AP Capstone students present their research

Members of AP Research prepare to present their research in a poster session.

On May 30th, the AP Capstone classes presented their research projects to peers, students, and faculty in a collegiate poster session. The AP Capstone program consists of a two-course sequence: AP Seminar, followed by AP Research. Each course is a year-long exploration of research skills and perspectives. The students learn about conducting research in the AP Seminar class and conduct an independent research project in the AP Research class. Each of these students has the opportunity to earn the AP Capstone Diploma upon successful completion of the Seminar and Research classes, as well as four additional AP classes.

Students created posters highlighting their research. The AP Seminar students featured one of four projects that they produced throughout the year, focusing on discriminating perspectives while conducting research. For the AP Research students, they featured their Research Questions, Assumptions and Hypotheses, Literature Reviews, Methods, Data, Conclusions, and Future Directions.

Amanda Berriors, a student in AP Research, conducted research locally in Morris County. She said, "A majority of this year in AP Research I learned new disciplines for conducting and presenting research. I was able to research academic resources in Morris County, which was a topic that I was interested in before this class. I look forward to implementing my research skills when I go forward to a political field in college."

Sujay Shankar, a junior in the program, said, "This year at Capstone Night I was able to culminate my research into a professional poster session, which I was able to quickly and easily present to people who had no previous introduction to my topic. My research involved establishing a correlation between terrorism and online user privacy, and people were interested in my topic because they saw the direct effects of online user privacy in their own lives."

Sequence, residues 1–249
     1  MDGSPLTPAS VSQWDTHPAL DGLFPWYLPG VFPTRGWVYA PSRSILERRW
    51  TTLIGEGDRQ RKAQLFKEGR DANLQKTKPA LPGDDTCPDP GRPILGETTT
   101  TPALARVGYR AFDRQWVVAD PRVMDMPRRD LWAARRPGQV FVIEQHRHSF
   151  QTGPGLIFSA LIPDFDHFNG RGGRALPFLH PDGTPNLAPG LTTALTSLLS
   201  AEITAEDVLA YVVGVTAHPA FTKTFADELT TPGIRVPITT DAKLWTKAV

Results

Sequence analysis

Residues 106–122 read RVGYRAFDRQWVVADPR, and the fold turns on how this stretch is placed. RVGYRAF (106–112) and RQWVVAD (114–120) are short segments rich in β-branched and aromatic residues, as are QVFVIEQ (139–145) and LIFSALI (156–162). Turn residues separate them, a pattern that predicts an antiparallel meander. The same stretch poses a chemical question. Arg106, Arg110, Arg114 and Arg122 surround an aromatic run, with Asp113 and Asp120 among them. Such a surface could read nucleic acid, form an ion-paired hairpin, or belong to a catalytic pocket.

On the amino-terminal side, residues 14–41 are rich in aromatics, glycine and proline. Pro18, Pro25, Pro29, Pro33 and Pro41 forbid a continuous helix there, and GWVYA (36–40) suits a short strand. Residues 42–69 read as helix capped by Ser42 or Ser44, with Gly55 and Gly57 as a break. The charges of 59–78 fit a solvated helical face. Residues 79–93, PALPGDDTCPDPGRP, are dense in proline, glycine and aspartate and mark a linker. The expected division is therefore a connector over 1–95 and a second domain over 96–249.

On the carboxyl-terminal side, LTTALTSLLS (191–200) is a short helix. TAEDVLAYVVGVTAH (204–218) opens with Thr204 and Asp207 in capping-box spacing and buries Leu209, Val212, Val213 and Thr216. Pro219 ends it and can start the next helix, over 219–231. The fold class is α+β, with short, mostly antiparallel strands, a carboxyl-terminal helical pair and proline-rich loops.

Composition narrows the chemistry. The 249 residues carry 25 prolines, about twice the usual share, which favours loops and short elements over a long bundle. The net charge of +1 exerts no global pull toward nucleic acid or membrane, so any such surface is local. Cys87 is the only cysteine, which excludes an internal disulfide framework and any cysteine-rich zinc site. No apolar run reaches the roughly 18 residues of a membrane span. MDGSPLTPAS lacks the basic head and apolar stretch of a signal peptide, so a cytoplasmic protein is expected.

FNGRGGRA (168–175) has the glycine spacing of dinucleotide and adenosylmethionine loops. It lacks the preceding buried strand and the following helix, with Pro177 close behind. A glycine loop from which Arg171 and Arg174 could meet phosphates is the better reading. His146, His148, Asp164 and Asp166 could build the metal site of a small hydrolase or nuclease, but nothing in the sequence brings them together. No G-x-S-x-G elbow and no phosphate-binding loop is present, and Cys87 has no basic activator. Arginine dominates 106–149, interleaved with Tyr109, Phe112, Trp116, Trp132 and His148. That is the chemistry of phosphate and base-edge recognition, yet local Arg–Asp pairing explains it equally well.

Lindsey McLaughlin and Megha Thyagarajan presented their research projects to the entire room in the style of two TED talks. McLaughlin, an AP Research student who presented on dual language programs (DLPs) and their impact on student attentiveness, was able to conclude that DLPs had a positive correlation on student attentiveness. Thyagarajan, who is a member of the AP Seminar class, encouraged audience members to come up to her poster after her presentation and add their own thoughts on culture, perspectives, and childhood experiences via post-it notes. 

In addition to parents and community members, several members of the faculty and administrative team were in attendance. Ms. Susan Pasqualone, Assistant Principal, was excited to attend the event and see the students' accomplishments. She stated, "This evening allowed our students to showcase their research work that has extended over the course of this year. The students were professional, articulate, and enthusiastic about their topics and genuinely wanted to share what they have learned. I was especially impressed with their poise and levels of expertise as I visited each presenter! The work they produced, I believe, is on par with that we would see on a college campus!"

AP Seminar students share their findings with Capstone Night attendees.

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